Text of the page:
Corporate capital losses definition

ˈkɔːpərɪt ˈkæpɪtl ˈlɒsɪz

What does Corporate capital losses mean?

Also known as:

Corporate capital losses in a nutshell

A company will typically make a capital loss when it sells a capital asset for less than it paid for it. Such losses are deducted from any chargeable gains which the company has for the same accounting period. If there are insufficient gains to make use of all or part of a loss in this way, the remainder is carried forward for set off against gains of future periods. In some circumstances, however, relief for losses may be restricted, or denied under anti-avoidance legislation.

When does a capital loss arise?

A company makes a capital loss (referred to in the legislation as an ‘allowable loss’) if it disposes of a chargeable asset and the proceeds are less than the allowable costs. A loss may also arise where there is no actual disposal of an asset but the legislation deems there to be a disposal, for example where an asset is destroyed or becomes of negligible value. Indexation allowance up to December 2017 cannot be used to increase or create an allowable loss. Therefore, if an allowable loss has arisen before the deduction of indexation allowance, this amount will be the final allowable loss. If a loss arises only after the deduction of indexation allowance this is not an allowable loss. Instead the company is deemed to have made no gain or loss on the disposal of the asset.

Which losses are excluded?

An allowable loss can only arise on a disposal if, had a gain arisen on the disposal, that gain would have been a chargeable gain. Consequently, a loss arising in circumstances in which the substantial shareholding exemption would have applied to a gain is not an allowable loss.

Losses on disposal of assets within the intangible fixed asset rules are dealt with under those rules; they are not allowable losses under the capital gains rules.

What relief is available for a capital loss?

Any allowable losses that arise in an accounting period may be offset against chargeable gains that accrue in the same period. Losses that cannot be utilised in this way are carried forward to be offset against future chargeable gains. Losses arising in the same accounting period are offset before losses brought forward.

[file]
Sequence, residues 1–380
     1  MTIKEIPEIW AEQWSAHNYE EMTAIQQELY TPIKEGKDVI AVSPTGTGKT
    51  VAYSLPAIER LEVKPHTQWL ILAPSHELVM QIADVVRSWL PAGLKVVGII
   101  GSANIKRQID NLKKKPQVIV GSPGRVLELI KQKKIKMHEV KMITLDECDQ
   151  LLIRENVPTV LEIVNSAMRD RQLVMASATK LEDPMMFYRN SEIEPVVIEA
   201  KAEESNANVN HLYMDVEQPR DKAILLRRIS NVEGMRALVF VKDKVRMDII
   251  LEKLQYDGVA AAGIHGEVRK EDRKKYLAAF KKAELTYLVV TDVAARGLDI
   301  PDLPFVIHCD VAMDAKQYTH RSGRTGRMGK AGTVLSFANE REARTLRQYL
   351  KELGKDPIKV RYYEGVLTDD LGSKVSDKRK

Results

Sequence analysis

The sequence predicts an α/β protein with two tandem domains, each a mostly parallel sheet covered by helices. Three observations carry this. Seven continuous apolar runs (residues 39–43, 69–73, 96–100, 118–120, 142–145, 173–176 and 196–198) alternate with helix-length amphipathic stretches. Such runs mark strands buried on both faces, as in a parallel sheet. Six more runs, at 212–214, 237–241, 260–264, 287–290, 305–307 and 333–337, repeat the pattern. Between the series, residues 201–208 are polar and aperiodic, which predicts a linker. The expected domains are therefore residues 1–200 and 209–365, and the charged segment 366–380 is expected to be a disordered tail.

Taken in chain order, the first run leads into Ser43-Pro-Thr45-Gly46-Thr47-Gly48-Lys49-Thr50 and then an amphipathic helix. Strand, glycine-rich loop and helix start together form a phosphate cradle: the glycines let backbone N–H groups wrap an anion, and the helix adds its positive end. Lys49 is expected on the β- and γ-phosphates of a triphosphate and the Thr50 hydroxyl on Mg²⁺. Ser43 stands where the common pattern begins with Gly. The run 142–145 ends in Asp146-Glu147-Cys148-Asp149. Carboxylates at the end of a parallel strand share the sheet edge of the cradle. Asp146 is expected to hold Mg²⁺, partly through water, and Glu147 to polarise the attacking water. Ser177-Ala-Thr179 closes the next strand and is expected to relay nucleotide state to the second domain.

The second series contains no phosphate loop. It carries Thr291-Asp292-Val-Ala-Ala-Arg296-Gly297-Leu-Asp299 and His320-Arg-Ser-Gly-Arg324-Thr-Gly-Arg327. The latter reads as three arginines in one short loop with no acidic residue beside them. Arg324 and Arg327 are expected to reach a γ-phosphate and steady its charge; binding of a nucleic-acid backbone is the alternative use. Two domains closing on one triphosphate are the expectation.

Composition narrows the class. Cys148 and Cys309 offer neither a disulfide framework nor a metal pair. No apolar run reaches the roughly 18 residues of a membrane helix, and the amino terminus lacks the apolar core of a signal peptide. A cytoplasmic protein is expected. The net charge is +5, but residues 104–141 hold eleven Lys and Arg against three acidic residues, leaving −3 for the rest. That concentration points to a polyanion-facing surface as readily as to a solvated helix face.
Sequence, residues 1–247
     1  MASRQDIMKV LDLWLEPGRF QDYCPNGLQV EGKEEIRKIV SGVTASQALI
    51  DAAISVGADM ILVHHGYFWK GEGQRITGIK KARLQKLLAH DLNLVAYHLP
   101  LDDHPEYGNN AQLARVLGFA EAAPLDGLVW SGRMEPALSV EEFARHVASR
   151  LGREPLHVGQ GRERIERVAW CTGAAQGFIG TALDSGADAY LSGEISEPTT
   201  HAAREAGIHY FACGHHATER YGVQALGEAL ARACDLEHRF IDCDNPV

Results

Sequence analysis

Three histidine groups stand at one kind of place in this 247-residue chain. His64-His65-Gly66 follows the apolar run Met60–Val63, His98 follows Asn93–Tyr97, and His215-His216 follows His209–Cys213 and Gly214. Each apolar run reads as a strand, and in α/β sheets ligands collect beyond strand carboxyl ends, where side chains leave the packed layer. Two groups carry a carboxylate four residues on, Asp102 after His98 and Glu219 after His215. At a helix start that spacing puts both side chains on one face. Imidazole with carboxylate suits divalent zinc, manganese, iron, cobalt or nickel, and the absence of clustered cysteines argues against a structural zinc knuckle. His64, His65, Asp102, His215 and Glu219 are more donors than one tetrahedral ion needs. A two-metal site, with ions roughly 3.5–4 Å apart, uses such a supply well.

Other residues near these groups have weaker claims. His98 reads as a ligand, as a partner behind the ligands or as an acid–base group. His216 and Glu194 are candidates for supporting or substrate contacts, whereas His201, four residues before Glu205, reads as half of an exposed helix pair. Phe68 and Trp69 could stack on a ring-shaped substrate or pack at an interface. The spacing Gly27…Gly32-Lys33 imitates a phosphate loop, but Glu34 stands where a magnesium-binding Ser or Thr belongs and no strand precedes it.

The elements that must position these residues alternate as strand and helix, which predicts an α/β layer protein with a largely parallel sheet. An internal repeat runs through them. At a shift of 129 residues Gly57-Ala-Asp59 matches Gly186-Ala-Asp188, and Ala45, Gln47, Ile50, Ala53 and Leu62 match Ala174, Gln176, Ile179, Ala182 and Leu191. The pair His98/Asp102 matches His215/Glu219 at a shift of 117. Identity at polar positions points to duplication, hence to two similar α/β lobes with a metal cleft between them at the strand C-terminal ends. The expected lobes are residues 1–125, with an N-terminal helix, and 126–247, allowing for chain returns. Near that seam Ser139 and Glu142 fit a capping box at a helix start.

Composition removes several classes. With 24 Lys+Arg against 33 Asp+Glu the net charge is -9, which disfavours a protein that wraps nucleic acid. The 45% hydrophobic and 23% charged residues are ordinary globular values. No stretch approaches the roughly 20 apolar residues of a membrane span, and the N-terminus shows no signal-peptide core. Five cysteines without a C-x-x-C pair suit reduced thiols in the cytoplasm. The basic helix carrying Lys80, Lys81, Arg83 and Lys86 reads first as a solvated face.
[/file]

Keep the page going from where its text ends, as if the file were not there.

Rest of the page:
Allowable losses cannot normally be set off against income of the company. There is an exception for losses arising on the disposal by an investment company of shares in a qualifying trading company where the company originally subscribed for the shares.

There is no provision for allowable losses to be carried back for set off against chargeable gains of earlier accounting periods. Again, there is a very limited exception to this rule that applies only to non-resident companies which are chargeable to corporation tax only because of the disposal of assets.

Are there any restrictions on relief for losses?

A loss on a disposal to a connected person is deductible only from chargeable gains arising on disposals to that same person while they are still connected. Such losses are often referred to as ‘clogged losses’.

From April 2020 relief for carried-forward losses may be restricted in a similar way to income losses. An annual £5 million deductions allowance must be shared between income and capital losses in proportions chosen by the company. The effect of the capital loss restriction is to restrict the amount of chargeable gains that can be relieved with carried-forward losses to 50% where they exceed the part of the deductions allowance allocated to chargeable gains.

What special rules apply to companies which are members of a group?

Transfers of assets between members of a capital gains group result in no gain/ no loss tax position so no allowable loss will arise.

Companies in the same gains group can jointly elect for a gain or loss arising to one group company to be transferred to another group company. The election can only be made if the no-gain / no-loss transfer rule would have applied had there been a transfer of the asset between the companies making the election. This rule allows gains and losses to be brought together within one group company so that the loss can be offset against the gain.

There are restrictions on the use of allowable losses arising before a company joins a group. These are referred to as ‘pre-entry losses’ and can be set off only against certain types of gain, broadly gains on assets owned by the company at the time it joined the group or on assets used for the purposes of a continuing trade or business that the company carried on at that time.

Are there anti-avoidance rules?

There are a number of targeted anti-avoidance rules which can restrict or deny relief for a capital loss. In particular, a loss arising from arrangements with a main purpose of securing a tax advantage is not an allowable loss. HMRC can issue a notice to a company to the effect that a loss cannot be relieved against a gain arising from certain avoidance schemes. From April 2020 capital losses have also been brought within the provisions which counteract loss-related tax advantages arising from ‘tax arrangements’.

Are there specific anti-avoidance rules applicable to groups?

There are also anti-avoidance rules which apply specifically to companies in groups. These include rules to prevent loss buying and gain buying and the restriction of losses on the disposal of shares or securities following a depreciatory transaction within the group.

What are the notification requirements?

For a capital loss to be treated as an allowable loss which can be set off against gains, the company must notify the loss to HMRC. This will usually be done in the company’s tax return for the accounting period of the loss but must in any event be done within four years of the end of that accounting period.

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